The Rockets matchup with the fifth-seeded Portland Trail Blazers is destined to be an exciting series to the finish. There are several interesting matchups to look out for, and each coach has numerous strategies and lineups to tinker with, but the series could come down to which stars perform best. That's where Harden comes in.
Often times in the playoffs, the team with the best stars will win down the stretch. There is a lot of star power in this series. Both teams have a pair of All-Stars: the Blazers have Lamarcus Aldridge and Damian Lillard and the Rockets have Dwight Howard and, of course, the Beard.
After a nail-biting Game 1, it was clear which stars performed better, which is why the Blazers came out on top. Aldridge had a franchise record-breaking performance, scoring 46 points and hauling in 18 rebounds before fouling out in the overtime period.
Lillard did pretty well himself, dropping 31 points, including several key buckets in OT to secure the win for Portland. Aldridge and Lillard became the first tandem in the playoffs to score 45 and 30 since Michael Jordan and Scottie Pippen back in 1992.
On the stat sheet, Harden and Howard had fairly good games as well. Howard scored 27 to go along with his 15 boards, which is nothing to hang your head about. Harden tacked on 27 himself, but upon a closer look, a very inefficient 27 points.
After missing the game-tying jumper as time expired, Harden officially finished his night shooting 8-of-28 from the floor, including 3-of-14 from three-point range. It took Harden 28 shots to climb all the way to just 27 points, and 14 of those shots were three-pointers! This is a terrible performance from your best player.
When it mattered most, Harden gave the Rockets a lackluster performance that left them falling short and losing home-court advantage. He had a chance to redeem himself when the game went to overtime, but he went 0-for-4 in the final five minutes not scoring a single point.
It was unfortunate timing for Harden's worst outing against the Blazers all season. During the teams' four regular season meetings, Harden averaged over 30 points, 7 rebounds and 5 assists. Not only were his stats good, but they were also very efficient.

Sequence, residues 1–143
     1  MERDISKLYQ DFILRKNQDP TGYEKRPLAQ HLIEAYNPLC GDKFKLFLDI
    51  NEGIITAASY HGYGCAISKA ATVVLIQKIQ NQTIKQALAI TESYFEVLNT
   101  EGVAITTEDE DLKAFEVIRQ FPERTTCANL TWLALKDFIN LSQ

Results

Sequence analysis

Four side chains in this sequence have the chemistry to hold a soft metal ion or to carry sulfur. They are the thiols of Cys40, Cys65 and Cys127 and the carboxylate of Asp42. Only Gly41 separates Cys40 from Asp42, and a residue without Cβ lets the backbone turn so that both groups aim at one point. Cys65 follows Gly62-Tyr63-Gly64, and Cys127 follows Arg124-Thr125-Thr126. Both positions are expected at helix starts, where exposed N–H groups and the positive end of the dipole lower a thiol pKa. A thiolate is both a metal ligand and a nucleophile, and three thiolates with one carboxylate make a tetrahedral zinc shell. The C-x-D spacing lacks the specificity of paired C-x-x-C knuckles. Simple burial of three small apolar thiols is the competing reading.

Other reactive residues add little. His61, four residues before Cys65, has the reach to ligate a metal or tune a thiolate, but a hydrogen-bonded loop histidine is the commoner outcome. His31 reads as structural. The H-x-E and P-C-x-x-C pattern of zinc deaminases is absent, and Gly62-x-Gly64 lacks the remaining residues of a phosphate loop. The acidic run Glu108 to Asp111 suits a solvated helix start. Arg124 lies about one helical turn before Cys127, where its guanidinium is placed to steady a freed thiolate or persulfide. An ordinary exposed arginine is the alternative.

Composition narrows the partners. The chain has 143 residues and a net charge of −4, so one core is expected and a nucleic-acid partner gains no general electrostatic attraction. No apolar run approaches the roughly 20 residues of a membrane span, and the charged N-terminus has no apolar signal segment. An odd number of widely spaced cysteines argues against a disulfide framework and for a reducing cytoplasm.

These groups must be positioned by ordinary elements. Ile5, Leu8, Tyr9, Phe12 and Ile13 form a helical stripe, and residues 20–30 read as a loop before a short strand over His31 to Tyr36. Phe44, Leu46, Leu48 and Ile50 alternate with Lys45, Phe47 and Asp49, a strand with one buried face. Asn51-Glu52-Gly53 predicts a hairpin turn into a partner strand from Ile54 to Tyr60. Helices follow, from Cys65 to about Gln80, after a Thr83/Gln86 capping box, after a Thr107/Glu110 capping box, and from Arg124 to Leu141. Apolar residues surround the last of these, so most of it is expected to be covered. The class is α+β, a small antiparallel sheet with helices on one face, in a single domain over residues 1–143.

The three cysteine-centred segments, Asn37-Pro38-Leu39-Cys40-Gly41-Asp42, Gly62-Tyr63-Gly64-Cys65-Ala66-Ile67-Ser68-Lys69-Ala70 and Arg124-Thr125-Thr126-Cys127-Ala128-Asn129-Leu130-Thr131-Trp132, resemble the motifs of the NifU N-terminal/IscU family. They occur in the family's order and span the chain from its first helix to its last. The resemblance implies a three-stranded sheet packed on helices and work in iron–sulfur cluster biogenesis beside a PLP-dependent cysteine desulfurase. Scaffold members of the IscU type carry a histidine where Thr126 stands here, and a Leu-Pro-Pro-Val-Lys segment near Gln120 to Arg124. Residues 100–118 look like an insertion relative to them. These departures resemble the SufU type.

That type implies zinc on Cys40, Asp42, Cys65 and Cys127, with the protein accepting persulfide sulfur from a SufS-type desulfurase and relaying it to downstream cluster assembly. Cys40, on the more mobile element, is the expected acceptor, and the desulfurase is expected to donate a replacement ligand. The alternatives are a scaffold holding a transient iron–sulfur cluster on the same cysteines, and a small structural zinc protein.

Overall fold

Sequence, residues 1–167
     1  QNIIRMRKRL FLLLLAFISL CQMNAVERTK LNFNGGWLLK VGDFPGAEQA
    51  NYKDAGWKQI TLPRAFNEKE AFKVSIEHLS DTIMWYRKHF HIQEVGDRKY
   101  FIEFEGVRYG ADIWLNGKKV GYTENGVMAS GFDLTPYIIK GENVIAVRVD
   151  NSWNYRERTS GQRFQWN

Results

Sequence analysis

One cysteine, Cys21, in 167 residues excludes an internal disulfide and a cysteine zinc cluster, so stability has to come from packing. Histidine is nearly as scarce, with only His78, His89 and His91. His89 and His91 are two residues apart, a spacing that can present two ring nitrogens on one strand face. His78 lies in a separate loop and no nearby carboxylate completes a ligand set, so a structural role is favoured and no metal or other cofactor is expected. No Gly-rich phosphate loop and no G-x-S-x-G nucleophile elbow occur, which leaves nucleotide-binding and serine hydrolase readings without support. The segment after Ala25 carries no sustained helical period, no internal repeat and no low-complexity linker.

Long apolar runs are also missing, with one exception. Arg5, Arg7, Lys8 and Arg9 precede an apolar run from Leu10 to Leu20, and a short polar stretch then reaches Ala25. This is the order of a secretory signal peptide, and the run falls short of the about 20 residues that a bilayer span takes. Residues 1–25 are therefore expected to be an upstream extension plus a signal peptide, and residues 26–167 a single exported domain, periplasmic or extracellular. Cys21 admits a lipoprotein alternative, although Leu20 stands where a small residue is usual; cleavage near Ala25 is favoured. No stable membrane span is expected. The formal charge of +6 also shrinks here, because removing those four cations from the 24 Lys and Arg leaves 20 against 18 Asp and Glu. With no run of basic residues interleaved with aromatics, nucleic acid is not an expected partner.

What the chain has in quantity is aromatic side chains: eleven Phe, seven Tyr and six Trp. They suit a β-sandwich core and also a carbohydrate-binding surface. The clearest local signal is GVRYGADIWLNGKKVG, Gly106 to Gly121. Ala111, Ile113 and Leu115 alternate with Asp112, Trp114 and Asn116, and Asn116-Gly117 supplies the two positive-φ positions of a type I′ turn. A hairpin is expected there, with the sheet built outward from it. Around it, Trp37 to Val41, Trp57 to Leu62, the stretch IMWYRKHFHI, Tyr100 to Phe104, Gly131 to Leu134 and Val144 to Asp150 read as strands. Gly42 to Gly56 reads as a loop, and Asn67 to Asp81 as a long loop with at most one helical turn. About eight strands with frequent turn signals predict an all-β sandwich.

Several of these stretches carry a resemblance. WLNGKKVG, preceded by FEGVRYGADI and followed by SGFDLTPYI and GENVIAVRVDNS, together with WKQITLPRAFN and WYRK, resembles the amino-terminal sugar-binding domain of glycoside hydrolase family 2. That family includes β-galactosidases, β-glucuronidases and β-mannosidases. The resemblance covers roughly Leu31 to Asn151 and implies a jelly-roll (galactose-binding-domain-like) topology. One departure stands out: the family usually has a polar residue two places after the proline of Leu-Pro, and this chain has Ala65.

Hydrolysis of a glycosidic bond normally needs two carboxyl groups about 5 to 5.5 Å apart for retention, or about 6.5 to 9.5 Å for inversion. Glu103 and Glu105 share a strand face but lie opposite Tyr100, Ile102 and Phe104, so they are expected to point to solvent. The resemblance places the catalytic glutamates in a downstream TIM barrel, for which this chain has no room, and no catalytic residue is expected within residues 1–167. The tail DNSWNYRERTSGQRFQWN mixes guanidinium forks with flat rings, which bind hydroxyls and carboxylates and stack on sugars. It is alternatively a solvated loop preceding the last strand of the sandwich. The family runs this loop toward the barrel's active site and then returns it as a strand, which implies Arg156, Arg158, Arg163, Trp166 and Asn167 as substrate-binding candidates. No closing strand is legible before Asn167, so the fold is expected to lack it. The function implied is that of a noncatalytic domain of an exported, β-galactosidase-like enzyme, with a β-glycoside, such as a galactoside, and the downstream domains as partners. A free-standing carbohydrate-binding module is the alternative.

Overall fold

Harden shot 48 percent from the floor, about 20 percentage points higher than his shot percentage in Game 1. He also shot over 45 percent from deep, which is much better than his 21 percent in the playoff opener.
Bottom line, Harden is off to a terrible start in what can hopefully still be a long playoff run. If the Rockets want to win this series and potentially more as the postseason continues, they will need Harden to step up his game big time.
Harden has a good supporting cast. He has Howard inside, along with Chandler Parsons, Jeremy Lin, Terrence Jones and other good scorers to help him put points on the scoreboard. However, with the Rockets impotence on defense, Houston still needs the Beard to average points in the upper twenties, at least, to have a good chance.
In the majority of Houston's wins over other playoff contenders this season, Harden scored a good amount of points to give the Rockets a lift. Even though their offense is elite, the Rockets still rely on Harden a lot in certain situations to get the offense going.
Often times, the offense is stagnant and the team watches Harden isolate on several possessions. Many of these possessions came up empty in Game 1, with Harden forcing up low-percentage mid-range jumpers. The Rockets are at their best when this doesn't happen, and the ball is moving quickly.
In these playoffs, Houston needs Harden to keep scoring at a high rate, but he must do it efficiently and keep the isolations down to a minimum. Also, even though he's a great long distance shooter, he cannot continue to settle for threes like he did in Game 1. He has to attack the basket for high-percentage shots and to get to the free throw line, like he has his entire career.
Beyond just scoring, however, the Rockets need Harden to be a clutch leader during crunch time. Harden's zero points in OT were killer for Houston. He has been the guy that gets the call in the closing seconds all season long, and has done a pretty good job at it too, so he can't stop now. The Rockets desperately need him to deliver down the stretch if they want to win close games and advance.
Now let's take a quick look at the other end of the floor.
In Game 1, the Blazers game plan was to immediately attack Harden's defense with Wes Matthews. Harden has been known to play lazy defense, and there is plenty of video evidence to support that.
Harden has the athleticism to become a good defender. The problem here is focus and effort, or a lack thereof. He takes his eyes off his man and let's them sneak open far too often.
Sometimes, coach Kevin McHale likes to put Harden on a bigger man in the post. Harden has enough strength and balance to battle down low in the post, and he's much better at it than at chasing scoring wings around the perimeter.
The Rockets have high hopes this postseason. The way the schedule worked out, Houston thinks it has a legitimate shot at making the Western Conference Finals; however, the Rockets and Harden are off to a rocky start. The Rockets need the Beard to score a lot of points, but they must be efficient, and he needs to be able to hold his own on defense from here on out. Otherwise, Houston could have a problem.